Mold: The Hidden Allergy Problem

Damp Dangers

Over the past two years, after thousands of homes were flooded in the Midwest, doctors warned residents about the danger of indoor mold growth. "When your building has been flooded, it's very difficult to dry it out quickly and completely," explains H. James Wedner, MD, chief of allergy and immunology at Washington University School of Medicine, in St. Louis. The number-one rule is to remove all wet building materials, carpet, and even wood because they can't be salvaged if they've been saturated for longer than two days. "Sheetrock soaks up water far above the flood line; mold can be hidden under wallpaper, carpet, and floorboards, as well as in ceiling tiles, furniture, and clothing," says Dr. Wedner. Contamination can start with just a trickle of water -- even a small leak in your roof or pipes can lead to a major mold problem that can make your family sick. Although mold can grow behind your walls or in your basement where you can't see it, you may see dark patches on surfaces or notice a musty smell.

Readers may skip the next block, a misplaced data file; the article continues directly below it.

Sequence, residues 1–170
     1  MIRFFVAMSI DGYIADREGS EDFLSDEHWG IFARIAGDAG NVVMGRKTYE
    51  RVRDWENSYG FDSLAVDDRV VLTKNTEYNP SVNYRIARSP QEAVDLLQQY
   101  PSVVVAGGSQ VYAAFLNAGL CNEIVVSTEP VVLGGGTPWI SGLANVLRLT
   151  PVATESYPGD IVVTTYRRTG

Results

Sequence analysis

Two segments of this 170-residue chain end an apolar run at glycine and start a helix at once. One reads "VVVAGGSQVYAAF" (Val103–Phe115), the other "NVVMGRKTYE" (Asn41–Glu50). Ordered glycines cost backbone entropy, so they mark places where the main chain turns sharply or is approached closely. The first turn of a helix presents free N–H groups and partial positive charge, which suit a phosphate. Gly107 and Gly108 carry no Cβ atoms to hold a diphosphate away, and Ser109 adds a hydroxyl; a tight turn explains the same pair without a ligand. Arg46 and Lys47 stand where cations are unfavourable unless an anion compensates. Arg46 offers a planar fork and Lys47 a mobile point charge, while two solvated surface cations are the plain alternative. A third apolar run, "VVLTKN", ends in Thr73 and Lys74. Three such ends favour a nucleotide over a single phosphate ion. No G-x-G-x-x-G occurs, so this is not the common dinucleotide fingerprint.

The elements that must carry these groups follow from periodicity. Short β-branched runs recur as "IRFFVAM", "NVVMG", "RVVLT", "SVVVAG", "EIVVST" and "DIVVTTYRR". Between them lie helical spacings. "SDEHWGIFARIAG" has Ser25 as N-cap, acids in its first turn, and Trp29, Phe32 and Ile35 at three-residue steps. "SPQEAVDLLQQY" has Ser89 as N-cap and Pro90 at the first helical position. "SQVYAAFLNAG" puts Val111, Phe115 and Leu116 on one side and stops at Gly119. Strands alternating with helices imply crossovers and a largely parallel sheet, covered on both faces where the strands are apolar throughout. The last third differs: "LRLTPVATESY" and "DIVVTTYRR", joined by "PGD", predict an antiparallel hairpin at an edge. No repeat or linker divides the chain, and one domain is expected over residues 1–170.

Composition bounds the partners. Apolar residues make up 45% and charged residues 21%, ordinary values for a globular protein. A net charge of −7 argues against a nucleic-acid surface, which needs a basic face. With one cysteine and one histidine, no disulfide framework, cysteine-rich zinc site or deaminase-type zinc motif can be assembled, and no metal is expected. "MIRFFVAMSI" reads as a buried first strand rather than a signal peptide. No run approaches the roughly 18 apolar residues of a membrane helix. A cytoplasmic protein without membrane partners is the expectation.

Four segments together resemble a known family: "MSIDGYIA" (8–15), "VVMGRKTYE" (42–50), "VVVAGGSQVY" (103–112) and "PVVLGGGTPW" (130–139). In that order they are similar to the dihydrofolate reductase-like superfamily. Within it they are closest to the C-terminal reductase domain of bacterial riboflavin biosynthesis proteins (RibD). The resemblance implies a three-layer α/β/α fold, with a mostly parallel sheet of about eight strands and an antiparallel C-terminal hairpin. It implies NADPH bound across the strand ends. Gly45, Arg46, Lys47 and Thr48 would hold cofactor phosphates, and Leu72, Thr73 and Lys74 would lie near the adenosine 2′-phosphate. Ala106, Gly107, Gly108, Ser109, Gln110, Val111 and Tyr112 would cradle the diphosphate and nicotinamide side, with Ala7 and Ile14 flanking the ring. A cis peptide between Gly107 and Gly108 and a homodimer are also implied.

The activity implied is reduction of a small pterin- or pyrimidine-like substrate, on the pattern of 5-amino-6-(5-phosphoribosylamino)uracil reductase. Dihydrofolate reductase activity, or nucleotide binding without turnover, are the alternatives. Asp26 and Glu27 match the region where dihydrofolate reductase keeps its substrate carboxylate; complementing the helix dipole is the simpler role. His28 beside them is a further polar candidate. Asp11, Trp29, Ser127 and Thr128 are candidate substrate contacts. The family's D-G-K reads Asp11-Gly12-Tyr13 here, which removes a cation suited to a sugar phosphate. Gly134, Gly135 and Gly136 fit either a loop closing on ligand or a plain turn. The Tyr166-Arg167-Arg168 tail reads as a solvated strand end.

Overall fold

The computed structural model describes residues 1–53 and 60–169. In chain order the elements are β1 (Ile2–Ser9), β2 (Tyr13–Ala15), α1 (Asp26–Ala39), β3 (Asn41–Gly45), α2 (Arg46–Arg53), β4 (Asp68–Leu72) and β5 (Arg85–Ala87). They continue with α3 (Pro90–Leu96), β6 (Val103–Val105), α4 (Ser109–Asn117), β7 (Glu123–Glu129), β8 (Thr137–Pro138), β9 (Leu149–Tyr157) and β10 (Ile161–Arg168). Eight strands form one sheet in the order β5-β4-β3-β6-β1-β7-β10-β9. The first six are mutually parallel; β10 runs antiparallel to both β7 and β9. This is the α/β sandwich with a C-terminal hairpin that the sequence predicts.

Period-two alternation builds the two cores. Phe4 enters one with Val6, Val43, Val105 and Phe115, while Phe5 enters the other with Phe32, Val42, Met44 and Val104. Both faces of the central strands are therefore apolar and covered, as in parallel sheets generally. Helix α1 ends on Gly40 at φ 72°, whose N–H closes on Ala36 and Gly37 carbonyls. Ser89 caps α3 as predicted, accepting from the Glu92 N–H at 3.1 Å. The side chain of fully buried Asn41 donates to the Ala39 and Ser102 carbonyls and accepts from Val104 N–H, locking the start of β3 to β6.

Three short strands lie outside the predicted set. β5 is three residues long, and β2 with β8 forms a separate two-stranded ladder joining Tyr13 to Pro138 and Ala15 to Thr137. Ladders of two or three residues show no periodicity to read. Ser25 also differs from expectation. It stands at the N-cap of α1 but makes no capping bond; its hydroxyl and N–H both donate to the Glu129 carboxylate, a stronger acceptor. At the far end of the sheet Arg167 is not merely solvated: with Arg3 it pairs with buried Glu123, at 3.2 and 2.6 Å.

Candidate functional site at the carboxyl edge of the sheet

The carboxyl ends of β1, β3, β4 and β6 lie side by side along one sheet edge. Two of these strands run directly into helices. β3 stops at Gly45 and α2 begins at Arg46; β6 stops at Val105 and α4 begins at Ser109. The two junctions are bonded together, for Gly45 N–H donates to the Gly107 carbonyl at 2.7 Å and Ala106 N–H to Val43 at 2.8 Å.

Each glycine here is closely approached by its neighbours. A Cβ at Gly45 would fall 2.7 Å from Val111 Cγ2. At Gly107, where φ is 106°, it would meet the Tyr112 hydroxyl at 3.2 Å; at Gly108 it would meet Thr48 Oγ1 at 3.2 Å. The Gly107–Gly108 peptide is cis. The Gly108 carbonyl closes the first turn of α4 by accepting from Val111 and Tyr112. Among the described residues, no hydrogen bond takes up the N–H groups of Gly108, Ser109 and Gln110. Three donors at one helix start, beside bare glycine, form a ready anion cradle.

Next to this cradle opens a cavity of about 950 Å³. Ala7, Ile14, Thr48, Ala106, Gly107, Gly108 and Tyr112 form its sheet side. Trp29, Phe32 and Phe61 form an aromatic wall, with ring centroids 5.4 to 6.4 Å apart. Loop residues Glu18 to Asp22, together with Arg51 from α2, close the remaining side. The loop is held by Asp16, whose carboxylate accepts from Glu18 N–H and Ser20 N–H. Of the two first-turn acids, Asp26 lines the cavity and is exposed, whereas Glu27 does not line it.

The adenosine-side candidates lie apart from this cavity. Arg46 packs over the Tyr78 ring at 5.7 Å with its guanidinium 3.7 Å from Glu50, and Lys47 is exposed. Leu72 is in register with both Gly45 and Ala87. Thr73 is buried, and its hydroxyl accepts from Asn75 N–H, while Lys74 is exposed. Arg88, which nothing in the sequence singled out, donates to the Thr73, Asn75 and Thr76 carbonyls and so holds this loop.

Jennifer Minus learned how insidious mold can be when her family moved into military housing on the East Coast. Her son, Joseph, then 6, started sniffling soon after the move, and eventually he couldn't breathe out of his nose at all -- even with his allergy medication. "He had trouble sleeping, he'd get winded easily, and he was generally miserable," recalls Minus. She found mold growing on a wooden window frame, so she cleaned it with a bleach solution, but then she heard that neighbors had recently moved out of their house because of mold. She had her home's air quality checked, and the test revealed massive amounts of mold. "It was growing inside the window frames and through the wall," says Minus. The army moved the family to new housing, and Joseph's symptoms improved quickly, even though it was prime allergy season. Unfortunately, though, most families aren't able to escape from their moldy home this easily.

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